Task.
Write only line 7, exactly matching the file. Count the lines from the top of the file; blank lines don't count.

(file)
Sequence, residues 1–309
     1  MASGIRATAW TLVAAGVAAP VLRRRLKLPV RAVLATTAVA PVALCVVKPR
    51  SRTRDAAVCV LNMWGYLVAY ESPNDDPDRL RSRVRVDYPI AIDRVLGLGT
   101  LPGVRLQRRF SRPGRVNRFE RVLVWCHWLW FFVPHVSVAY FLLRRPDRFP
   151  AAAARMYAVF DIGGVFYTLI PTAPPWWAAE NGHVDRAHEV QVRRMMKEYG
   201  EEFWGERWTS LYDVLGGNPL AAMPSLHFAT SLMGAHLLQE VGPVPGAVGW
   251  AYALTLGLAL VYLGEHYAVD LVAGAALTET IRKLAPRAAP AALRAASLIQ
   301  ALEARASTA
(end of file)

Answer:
   251  AYALTLGLAL VYLGEHYAVD LVAGAALTET IRKLAPRAAP AALRAASLIQ